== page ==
According to Autumn Fiester, the Presumption of Restraint—the thesis that an application of biotechnology to an animal is unethical unless backed by morally compelling reasons—is justified by five ethical claims. In this commentary, I explore the relevance of what Derek Parfit has dubbed the Non-Identity Problem for the implications of one of these claims, the Animal Welfare Claim. I conclude that while the Animal Welfare Claim condemns the alteration of founder animals in ways that are bad for them when there (...) is no important human or animal health benefit in the offing, it fails to condemn the alteration of animals in the context of important research projects, even if the alteration causes some animal suffering, and, given the Non-Identity Problem, it fails to condemn the subsequent creation of animals bred from the founders, so long as the subsequent animals have a life worth living. (shrink)
If Dworkin’s theory of civil disobedience is right, then the scientists, given their objections, would not have been justified in civil disobedience. However, they could have been justified, had they chosen to object on grounds provided by just war theory or by an account of democratic legitimacy.
The problem: we’re spending a lot without commensurate benefit Spending: 1. Health costs are about 14% of GNP, and are expected to exceed 30% by the year 2030 2. Estimated that the use of new technology and the overuse of existing technology accounts..
In this paper, I will attempt to concisely present Moore’s article “A Defence of Common Sense.” It is a collection of discussions of four points, loosely tied together by the commonality that Moore’s position regarding these points differs from positions taken up by some other philosophers.
• A coin appears to be elliptical when looked at from an angle, but it’s round. • A stick appears to be bent when it is partly immersed in water, but it’s straight. • An oasis appears to exist, but it doesn’t. • A bucket of water appears to be two different temperatures to two different hands, but it’s all..
I saw a poster the other day that said: “Living. It’s the only thing worth dying for.” Now, I’m not sure what that means really—in fact, I think it is an advertisement for a clothing company—but it brings up an interesting issue or cluster of issues. Are there things worth dying for? Or, and I know this is a very different question, are there things worth killing for? This is the question which we are going to talk about this week (...) and next. Of course, we’ll be talking about it on an international scale, but I think its answer hinges in important ways on the individual scale. We’ll come back to this point and we can get at it in more detail in the question period if you like. (shrink)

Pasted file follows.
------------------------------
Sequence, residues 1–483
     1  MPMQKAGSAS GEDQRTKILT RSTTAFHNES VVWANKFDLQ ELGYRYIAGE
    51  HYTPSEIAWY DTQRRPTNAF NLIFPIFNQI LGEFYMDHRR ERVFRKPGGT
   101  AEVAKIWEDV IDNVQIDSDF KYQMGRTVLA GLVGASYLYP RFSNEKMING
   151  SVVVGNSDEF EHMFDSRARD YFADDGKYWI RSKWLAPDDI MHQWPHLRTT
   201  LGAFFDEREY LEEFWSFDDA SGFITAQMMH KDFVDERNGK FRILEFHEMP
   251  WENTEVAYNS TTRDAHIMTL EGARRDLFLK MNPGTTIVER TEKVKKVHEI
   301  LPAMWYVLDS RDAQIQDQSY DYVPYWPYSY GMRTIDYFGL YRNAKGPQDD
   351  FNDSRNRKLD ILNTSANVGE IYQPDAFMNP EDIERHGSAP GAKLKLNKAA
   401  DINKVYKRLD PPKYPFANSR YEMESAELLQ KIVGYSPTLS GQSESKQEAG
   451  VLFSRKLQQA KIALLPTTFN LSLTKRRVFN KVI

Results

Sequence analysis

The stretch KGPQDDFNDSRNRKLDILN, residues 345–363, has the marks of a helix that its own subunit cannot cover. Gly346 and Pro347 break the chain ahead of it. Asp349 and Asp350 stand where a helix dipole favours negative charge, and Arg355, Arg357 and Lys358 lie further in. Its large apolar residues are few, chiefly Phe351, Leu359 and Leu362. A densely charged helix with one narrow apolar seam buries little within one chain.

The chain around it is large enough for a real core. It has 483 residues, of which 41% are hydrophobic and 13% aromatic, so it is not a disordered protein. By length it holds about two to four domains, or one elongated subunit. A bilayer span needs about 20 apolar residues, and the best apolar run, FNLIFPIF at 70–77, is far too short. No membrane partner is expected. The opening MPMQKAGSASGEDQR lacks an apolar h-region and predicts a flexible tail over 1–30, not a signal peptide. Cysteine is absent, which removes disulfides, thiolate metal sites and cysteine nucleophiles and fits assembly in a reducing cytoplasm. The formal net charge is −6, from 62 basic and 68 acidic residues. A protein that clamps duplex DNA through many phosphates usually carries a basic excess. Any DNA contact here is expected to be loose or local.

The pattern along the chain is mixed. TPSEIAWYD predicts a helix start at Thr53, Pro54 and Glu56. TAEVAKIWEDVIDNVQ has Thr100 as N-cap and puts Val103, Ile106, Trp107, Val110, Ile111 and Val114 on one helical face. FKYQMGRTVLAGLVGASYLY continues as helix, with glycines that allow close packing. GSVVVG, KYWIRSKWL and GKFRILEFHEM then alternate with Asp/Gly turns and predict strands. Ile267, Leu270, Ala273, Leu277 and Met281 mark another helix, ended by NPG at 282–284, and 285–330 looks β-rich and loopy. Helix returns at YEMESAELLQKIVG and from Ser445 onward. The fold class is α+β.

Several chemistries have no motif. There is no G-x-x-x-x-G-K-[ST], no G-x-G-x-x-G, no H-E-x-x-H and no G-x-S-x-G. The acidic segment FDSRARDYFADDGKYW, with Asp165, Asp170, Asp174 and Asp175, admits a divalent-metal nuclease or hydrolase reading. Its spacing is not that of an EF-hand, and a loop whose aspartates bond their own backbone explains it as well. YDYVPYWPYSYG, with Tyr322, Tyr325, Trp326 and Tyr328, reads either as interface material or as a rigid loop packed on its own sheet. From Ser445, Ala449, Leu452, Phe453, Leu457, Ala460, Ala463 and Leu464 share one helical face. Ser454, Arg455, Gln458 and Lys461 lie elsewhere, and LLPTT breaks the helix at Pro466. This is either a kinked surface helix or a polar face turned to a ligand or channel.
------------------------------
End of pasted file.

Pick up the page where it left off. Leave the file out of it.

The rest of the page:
Researchers are increasingly interested in creating chimeras by transplanting human embryonic stem cells (hESCs) into animals early in development. One concern is that such research could confer upon an animal the moral status of a normal human adult but then impermissibly fail to accord it the protections it merits in virtue of its enhanced moral status. Understanding the public policy implications of this ethical conclusion, though, is complicated by the fact that claims about moral status cannot play an unfettered role (...) in public policy. Arguments like those employed in the abortion debate for the conclusion that abortion should be legally permissible even if abortion is not morally permissible also support, to a more limited degree, a liberal policy on hESC research involving the creation of chimeras. (shrink)
A review of the consent forms signed by those who donated embryos for the NIH-approved embryonic stem cell lines reveals several problems, providing ethical as well as scientific reasons to overturn the Bush administration’s restrictions on federal funding for stem cell research.
Experiments involving the transplantation of human stem cells and their derivatives into early fetal or embryonic nonhuman animals raise novel ethical issues due to their possible implications for enhancing the moral status of the chimeric individual. Although status-enhancing research is not necessarily objectionable from the perspective of the chimeric individual, there are grounds for objecting to it in the conditions in which it is likely to occur. Translating this ethical conclusion into a policy recommendation, however, iscomplicated by the fact that (...) substantial empirical and ethical uncertainties remain about which transplants, if any, would significantly enhance the chimeric individual’s moral status. Considerations of moral status justify either an early-termination policy on chimeric embryos, or, in the absence of such a policy, restrictions on the introduction of pluripotent human stem cells into early-stage developing animals, pending the resolution of those uncertainties. (shrink)
: Commercial academic-industry relationships (AIRs) are widespread in biotechnology and have resulted in a wide array of restrictions on academic research. Objections to such restrictions have centered on the charge that they violate academic freedom. I argue that these objections are almost invariably unsuccessful. On a consequentialist understanding of the value of academic freedom, they rely on unfounded empirical claims about the overall effects that AIRs have on academic research. And on a rights-based understanding of the value of academic freedom, (...) they rely on excessively lavish assumptions about the kinds of activities that academic freedom protects. (shrink)